With the international push for population growth to be addressed in the post-2015 development agenda, and the coercive population policies implemented in the past, there is a growing need to address the main underlying cause of high fertility rates in less-developed countries: the lack of empowerment of women and girls to exercise choice and control over their fertility.
The world’s population is predicted to reach 9.1 billion by 2050, with almost all of this growth occurring in developing countries. Governments across the world are seeking to slow the current rate of high fertility in developing countries.
As of 2013, 37 per cent of governments worldwide were seeking to reduce their current rate of population growth. The UN Population Fund has called for the integration of rapid population growth to be included in the Sustainable Development Goals (SDGs) – a set of goals to replace the Millennium Development Goals after 2015 – whose aim will be to eradicate poverty and achieve sustainable development worldwide.
Unfortunately, government policies to address high fertility rates have tended to target the most disadvantaged and marginalized members of society, often with devastating consequences. Forced sterilizations on the poor in India between and 1975 and 1977 and on women of colour in the US in the 1970s were the result of such coercive government policies.
Yet education of women and girls has been shown to result in the voluntary reduction of fertility rates. Education gives women choices, opportunities and, most importantly, control. Under these conditions, women voluntarily reduce the number of children they bear over their life time as they participate and engage more actively with roles outside the home.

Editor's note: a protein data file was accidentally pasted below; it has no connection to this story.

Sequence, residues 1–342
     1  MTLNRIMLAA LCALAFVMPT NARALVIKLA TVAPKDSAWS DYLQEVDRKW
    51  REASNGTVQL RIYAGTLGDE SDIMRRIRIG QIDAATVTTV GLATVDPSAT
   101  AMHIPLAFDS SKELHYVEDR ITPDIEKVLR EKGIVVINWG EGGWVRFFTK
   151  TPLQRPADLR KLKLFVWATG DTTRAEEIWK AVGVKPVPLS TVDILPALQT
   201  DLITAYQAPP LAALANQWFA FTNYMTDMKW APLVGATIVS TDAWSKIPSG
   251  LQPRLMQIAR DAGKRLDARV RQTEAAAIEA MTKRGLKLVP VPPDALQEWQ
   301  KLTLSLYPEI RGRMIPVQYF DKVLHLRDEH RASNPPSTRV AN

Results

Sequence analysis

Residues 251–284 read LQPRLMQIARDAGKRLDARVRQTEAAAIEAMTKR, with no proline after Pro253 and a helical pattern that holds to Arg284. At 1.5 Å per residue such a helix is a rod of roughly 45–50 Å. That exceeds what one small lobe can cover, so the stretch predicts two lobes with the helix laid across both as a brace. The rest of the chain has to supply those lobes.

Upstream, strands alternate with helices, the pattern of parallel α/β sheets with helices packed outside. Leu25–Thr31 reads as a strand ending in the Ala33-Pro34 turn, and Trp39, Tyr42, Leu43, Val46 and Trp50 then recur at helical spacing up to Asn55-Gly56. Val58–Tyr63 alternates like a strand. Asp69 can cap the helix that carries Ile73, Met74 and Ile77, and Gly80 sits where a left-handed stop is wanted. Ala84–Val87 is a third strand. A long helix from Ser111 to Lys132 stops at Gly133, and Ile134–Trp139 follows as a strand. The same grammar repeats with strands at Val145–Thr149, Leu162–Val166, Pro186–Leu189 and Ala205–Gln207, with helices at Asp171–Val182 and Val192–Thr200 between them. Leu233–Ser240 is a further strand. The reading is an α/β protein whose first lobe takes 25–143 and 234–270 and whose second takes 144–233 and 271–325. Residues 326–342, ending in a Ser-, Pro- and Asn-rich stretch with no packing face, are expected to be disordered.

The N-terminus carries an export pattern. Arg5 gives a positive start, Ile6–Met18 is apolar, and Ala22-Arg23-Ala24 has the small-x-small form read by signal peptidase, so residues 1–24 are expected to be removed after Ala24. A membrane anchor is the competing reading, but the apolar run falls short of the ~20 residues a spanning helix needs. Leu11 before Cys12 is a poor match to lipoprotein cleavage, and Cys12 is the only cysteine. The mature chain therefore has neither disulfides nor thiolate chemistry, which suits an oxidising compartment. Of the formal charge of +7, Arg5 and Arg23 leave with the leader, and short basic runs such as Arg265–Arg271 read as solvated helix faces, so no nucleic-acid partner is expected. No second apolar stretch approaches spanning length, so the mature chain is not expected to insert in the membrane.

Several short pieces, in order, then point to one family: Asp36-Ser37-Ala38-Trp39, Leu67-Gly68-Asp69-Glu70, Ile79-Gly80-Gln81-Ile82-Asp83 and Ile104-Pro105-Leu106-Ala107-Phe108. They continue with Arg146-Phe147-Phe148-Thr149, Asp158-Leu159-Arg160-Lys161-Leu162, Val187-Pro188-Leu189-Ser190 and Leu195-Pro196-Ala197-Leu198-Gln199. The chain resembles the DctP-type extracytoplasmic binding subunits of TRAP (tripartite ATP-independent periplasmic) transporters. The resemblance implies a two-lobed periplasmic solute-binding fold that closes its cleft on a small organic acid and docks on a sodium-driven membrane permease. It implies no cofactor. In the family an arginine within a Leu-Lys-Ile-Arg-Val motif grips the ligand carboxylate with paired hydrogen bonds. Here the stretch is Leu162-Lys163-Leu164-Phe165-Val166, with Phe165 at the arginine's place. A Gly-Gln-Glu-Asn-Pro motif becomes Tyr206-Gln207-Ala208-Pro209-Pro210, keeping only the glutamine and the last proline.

Educational attainment results in enhanced status, improved bargaining power and expanding freedom for women and girls. This can be seen in developed countries such as Australia, where population growth rates have diminished over time as levels of education among women has risen.
In India, improved education of women in the early 1970s resulted in voluntary fertility declines in the Indian state of Kerala. Kerala had a population density three times the average Indian state, but the state government invested in universal education and provided greater access to family planning and, by 1989, the fertility rates there had fallen to the second lowest in the country.
Kerala should remain a model for other countries seeking to lower their fertility rates. The more years of education a girl has, the fewer children she is likely to bear. The simple reality is that educated girls marry later. And for every year of schooling, their income increases by 10 to 25 per cent.
It is not just primary-level schooling that makes a positive impact. Secondary education offers an even better tool for empowering women and girls and reducing fertility rates. Research published in the Lancet found that if the proportion of girls in secondary education in 65 less developed countries (LDCs) was doubled (with rates currently at 19 per cent), the fertility rates would drop from 5.3 to 3.9 children per woman.
Many girls are prevented from continuing their schooling due to a lack of access to secondary education in developing countries. Domestic responsibilities, menstruation, negative attitudes towards female education, forced marriage and poverty are some of the biggest barriers.
Reducing rapid population growth and high fertility rates does not lie in population policies or coercive measures, but in the ability of governments worldwide to recognize the power of educating their country’s women and girls.
Lana Groves is a student at Central Queensland University and is a Global Voices delegate to the current United Nations Environment Assembly in Nairobi.